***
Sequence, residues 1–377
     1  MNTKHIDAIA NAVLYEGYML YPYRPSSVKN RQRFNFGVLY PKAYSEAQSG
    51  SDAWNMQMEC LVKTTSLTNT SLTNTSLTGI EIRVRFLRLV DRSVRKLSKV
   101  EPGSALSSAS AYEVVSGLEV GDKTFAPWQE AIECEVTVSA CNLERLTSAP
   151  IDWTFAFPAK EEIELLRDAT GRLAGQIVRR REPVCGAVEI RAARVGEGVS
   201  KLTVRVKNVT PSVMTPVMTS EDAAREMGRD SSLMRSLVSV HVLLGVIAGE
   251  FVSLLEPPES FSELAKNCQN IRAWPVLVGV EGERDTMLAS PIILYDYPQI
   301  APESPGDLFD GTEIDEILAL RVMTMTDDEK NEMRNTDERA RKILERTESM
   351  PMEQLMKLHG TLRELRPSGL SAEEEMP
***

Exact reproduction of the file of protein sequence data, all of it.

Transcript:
Sequence, residues 1–377
     1  MNTKHIDAIA NAVLYEGYML YPYRPSSVKN RQRFNFGVLY PKAYSEAQSG
    51  SDAWNMQMEC LVKTTSLTNT SLTNTSLTGI EIRVRFLRLV DRSVRKLSKV
   101  EPGSALSSAS AYEVVSGLEV GDKTFAPWQE AIECEVTVSA CNLERLTSAP
   151  IDWTFAFPAK EEIELLRDAT GRLAGQIVRR REPVCGAVEI RAARVGEGVS
   201  KLTVRVKNVT PSVMTPVMTS EDAAREMGRD SSLMRSLVSV HVLLGVIAGE
   251  FVSLLEPPES FSELAKNCQN IRAWPVLVGV EGERDTMLAS PIILYDYPQI
   301  APESPGDLFD GTEIDEILAL RVMTMTDDEK NEMRNTDERA RKILERTESM
   351  PMEQLMKLHG TLRELRPSGL SAEEEMP